Viagra Anyone?

Submitted by Bill St. Clair on Wed, 19 Nov 2003 13:00:00 GMT
From smith2004:
Ah, yes. The two most traumatic times of a man's life: the first time he can't do it twice, and the second time he can't do it once. ;-) (Been there, done that, outgrew the T-shirt.) -- Chris Claypoole

Marc Brands Liberty - What Politicians Can Offer You - cartoon commentary on the phrase "A government which robs Peter to pay Paul can always depend on the support of Paul." Hehe. Couldn't read the name of the cartoonist. [smith2004] - Clamping Down on Terrorism - cartoon commentary on what really happens when you attempt to trade liberty for security.

I made my (first) National Ammo Day purchase last night at the little gun shop I frequent on Tuesday nights, a pound of H4895, 100 300 grain 44 caliber Hornady XTP bullets, and 100 Winchester large rifle primers. All set for loading up another hundred rounds for my 444 Marlin. Remember, if you want to play, you've got until Sunday to buy 100 rounds of ammo or reloading supplies.

Christina Stokes at - Strip search that spares your blushes - millimeter wave technology that replaces the declothed body with a computer-generated mannequin. This somehow makes it "OK" to search you without your consent and without a warrant. It's fighting terrorism, don't you know. For the children. Not yet ready for prime time, but the jackboots are working furiously. [claire]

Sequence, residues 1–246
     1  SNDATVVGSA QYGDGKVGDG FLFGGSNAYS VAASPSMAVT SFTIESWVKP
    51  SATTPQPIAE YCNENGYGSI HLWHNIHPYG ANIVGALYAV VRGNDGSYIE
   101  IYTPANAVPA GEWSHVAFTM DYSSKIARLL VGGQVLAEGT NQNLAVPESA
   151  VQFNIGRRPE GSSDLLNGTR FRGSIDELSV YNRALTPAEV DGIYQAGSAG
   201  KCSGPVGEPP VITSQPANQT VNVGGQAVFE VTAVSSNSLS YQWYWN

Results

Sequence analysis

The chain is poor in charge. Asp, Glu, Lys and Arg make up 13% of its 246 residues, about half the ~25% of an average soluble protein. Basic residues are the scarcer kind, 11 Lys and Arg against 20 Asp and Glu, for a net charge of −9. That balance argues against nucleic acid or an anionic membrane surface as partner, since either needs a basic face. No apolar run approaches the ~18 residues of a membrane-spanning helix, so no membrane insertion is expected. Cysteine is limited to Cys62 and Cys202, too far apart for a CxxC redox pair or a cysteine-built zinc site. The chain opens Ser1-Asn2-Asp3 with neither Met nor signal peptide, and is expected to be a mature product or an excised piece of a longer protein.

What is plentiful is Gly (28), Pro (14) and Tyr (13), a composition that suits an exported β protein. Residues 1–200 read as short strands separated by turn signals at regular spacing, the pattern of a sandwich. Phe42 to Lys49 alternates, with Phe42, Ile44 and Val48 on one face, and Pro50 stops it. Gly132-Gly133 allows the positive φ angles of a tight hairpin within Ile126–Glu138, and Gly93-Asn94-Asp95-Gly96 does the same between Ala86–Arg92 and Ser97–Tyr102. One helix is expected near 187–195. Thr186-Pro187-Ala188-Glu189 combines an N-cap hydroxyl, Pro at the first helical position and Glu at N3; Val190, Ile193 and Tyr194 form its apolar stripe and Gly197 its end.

The powerful scanner, which was developed by American scientists, uses millimetre waves to see through clothes. It works because the fibres in clothes are less than a millimetre across, allowing the light waves to pass right through them.

A special camera using the waves can see through clothes as easily as we can see through glass. And the picture it creates can be seen on a screen so operators can see not just if a person is carrying arms, but also drugs and plastic explosives. Non-metallic illegal substances like these are not picked up by normal airport scanners.


The scanner could eventually be used not just in airports and train stations but in all public places.

Petillot explained: "At the moment there is no real way of checking fans coming into a football stadium or pupils going into a school to see if they are carrying knives.

"The millimetre wave technology needs people to pause for a second at the moment. But it's possible that when the scanning software is developed it could get quick enough to scan crowds passing through turnstiles into a football match."

Another advantage of millimetre wave scanners over current technology is they do not interfere with pacemakers.

Petillot said: "The camera just receives the rays a person emits, rather than sending out waves itself. So it doesn't interfere with pacemakers and there are no risks involved in people going through the scanner."

And Petillot believes similar technology could be used to scan lorries and trains crossing borders for illegal immigrants.

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